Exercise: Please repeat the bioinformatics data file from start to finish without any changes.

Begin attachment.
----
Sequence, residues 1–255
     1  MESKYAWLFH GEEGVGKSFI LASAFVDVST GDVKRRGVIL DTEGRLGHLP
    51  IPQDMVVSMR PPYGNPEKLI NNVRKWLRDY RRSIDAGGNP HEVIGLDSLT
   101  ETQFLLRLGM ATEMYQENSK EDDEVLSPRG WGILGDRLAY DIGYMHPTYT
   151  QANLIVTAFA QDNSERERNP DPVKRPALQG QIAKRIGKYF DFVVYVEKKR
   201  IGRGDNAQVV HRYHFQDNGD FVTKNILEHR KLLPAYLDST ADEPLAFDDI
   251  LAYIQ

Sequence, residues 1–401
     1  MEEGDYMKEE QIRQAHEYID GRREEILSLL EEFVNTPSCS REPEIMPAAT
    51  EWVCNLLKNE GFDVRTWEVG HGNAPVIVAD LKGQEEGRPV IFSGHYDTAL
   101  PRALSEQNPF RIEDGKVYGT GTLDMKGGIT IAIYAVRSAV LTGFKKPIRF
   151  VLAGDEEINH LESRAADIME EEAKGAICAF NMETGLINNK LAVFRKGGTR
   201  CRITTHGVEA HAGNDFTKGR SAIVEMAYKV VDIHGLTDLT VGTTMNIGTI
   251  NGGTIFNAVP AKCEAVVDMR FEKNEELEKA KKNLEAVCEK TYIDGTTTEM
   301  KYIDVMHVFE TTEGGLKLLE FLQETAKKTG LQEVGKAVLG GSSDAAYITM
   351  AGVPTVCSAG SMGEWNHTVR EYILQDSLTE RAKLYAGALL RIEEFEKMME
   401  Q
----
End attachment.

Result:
Sequence, residues 1–255
     1  MESKYAWLFH GEEGVGKSFI LASAFVDVST GDVKRRGVIL DTEGRLGHLP
    51  IPQDMVVSMR PPYGNPEKLI NNVRKWLRDY RRSIDAGGNP HEVIGLDSLT
   101  ETQFLLRLGM ATEMYQENSK EDDEVLSPRG WGILGDRLAY DIGYMHPTYT
   151  QANLIVTAFA QDNSERERNP DPVKRPALQG QIAKRIGKYF DFVVYVEKKR
   201  IGRGDNAQVV HRYHFQDNGD FVTKNILEHR KLLPAYLDST ADEPLAFDDI
   251  LAYIQ

Sequence, residues 1–401
     1  MEEGDYMKEE QIRQAHEYID GRREEILSLL EEFVNTPSCS REPEIMPAAT
    51  EWVCNLLKNE GFDVRTWEVG HGNAPVIVAD LKGQEEGRPV IFSGHYDTAL
   101  PRALSEQNPF RIEDGKVYGT GTLDMKGGIT IAIYAVRSAV LTGFKKPIRF
   151  VLAGDEEINH LESRAADIME EEAKGAICAF NMETGLINNK LAVFRKGGTR
   201  CRITTHGVEA HAGNDFTKGR SAIVEMAYKV VDIHGLTDLT VGTTMNIGTI
   251  NGGTIFNAVP AKCEAVVDMR FEKNEELEKA KKNLEAVCEK TYIDGTTTEM
   301  KYIDVMHVFE TTEGGLKLLE FLQETAKKTG LQEVGKAVLG GSSDAAYITM
   351  AGVPTVCSAG SMGEWNHTVR EYILQDSLTE RAKLYAGALL RIEEFEKMME
   401  Q